Pole Star is an example of a start-up and bank collaboration. It provides sanctions compliance and risk management software to banks, trading and finance companies, marine insurers and other maritime organisations. Citi supported the regtech firm after it won its regional Tech for Integrity Challenge Dublin on 18 May 2017. The London-based company won for its range of sanction screening compliance, AML and other risk management software. The mentoring, knowledge sharing and other assistance available should lead to a better solution and may feed into Citi’s trade solutions in future.
There are also standalone regtech companies. For example, Simility, a US-based start-up founded by former Google employees raised $7.2 million in late 2015 in a Series A fundraising round led by venture capitalists Accel Partners. Simility offers a fraud prevention solution that uses AI machine learning. San Francisco-based Merlon Intelligence raised $7.65 million in seed financing this year from the Data Collective venture capital fund and others. It targets AML via AI and enhanced big data analysis.
In the UK, hundreds of regtechs have been through the pioneering FCA regulatory sandbox, making the country something of a hotbed for regtech and other technology-based solutions.
Financial institutions should explore the collaboration opportunities available to them, via sandboxes or not. “We believe cooperation between regtechs and FIs is the way forward,” says BNP Paribas Securities Services’ Devambez. “The combination of regtechs’ technology expertise and banks’ business experience is a powerful proposition, which can help solve many of the industry’s challenges.”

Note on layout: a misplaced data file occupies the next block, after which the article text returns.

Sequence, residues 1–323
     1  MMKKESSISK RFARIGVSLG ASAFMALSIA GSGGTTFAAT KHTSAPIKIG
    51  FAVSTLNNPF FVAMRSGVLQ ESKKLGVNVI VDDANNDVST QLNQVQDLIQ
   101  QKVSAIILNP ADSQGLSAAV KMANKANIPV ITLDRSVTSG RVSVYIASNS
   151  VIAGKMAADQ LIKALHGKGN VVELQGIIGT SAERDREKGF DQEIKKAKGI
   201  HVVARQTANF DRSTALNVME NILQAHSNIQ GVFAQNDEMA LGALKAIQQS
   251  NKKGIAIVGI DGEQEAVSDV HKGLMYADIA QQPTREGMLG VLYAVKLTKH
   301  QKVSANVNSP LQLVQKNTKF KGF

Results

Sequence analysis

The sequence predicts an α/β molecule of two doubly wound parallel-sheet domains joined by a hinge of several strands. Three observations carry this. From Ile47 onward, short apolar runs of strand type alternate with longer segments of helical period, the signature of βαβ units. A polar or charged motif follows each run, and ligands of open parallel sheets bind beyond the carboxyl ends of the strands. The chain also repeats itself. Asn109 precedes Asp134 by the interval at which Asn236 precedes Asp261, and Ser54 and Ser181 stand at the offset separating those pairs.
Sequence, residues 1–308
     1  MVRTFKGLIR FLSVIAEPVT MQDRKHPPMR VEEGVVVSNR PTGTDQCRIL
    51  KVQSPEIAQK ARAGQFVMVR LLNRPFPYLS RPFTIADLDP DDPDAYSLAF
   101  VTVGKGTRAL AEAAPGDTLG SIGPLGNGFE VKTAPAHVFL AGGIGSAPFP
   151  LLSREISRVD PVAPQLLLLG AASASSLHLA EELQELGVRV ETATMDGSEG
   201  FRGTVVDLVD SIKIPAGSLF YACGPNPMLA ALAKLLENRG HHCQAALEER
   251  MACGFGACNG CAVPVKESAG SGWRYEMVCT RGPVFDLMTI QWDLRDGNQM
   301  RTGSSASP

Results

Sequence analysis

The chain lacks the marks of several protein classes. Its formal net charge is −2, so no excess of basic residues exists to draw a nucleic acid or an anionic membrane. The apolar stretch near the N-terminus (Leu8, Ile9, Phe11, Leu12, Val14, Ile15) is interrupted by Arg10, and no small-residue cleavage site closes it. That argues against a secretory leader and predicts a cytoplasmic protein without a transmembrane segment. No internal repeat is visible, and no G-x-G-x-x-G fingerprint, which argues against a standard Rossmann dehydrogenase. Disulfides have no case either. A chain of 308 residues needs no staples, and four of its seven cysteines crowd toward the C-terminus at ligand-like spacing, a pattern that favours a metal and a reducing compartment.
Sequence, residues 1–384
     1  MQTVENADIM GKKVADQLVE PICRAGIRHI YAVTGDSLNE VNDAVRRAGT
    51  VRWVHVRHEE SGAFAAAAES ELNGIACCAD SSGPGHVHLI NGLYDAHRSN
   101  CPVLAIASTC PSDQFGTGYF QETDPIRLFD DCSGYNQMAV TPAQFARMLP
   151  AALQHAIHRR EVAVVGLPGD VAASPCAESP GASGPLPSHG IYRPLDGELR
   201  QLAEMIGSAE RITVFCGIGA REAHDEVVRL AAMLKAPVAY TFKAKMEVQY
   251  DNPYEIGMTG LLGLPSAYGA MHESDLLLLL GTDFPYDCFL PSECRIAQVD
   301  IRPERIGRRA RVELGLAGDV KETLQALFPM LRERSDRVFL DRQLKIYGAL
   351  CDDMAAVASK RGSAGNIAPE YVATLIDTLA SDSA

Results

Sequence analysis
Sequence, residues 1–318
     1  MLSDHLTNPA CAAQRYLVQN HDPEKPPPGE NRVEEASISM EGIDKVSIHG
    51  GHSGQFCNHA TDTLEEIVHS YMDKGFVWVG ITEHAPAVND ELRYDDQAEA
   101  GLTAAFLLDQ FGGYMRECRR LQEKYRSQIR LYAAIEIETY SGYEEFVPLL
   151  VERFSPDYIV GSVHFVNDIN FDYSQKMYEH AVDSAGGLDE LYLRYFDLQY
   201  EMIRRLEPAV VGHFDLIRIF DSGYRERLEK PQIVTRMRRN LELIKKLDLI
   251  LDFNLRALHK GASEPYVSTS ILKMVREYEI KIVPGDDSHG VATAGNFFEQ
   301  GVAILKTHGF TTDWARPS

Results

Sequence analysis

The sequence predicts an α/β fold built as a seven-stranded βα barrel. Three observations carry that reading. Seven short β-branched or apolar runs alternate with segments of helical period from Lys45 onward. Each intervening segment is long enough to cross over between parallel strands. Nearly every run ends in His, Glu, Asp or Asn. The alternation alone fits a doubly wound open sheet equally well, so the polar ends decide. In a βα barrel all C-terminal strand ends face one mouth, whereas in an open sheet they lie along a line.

BNP Paribas Securities Services recently took a minority stake in Fortia, a start-up which uses AI machine learning and business process monitoring to help the fund industry meet rising compliance requirements and manage mounting volumes of data. “As well as helping finance the growth of Fortia, we agreed to share our expertise and knowledge of their target market to help them develop their offering,” he says. “We’ve now gone one step further and have decided to move our trustee and depositary business onto Fortia’s platform to help our clients enhance controls and operational efficiency. Our partnership with Fortia illustrates the benefits of cooperation for banks, regtechs but also the industry as a whole.”
This article is also featured in the Daily News at Sibos 2017 – Day 2 edition.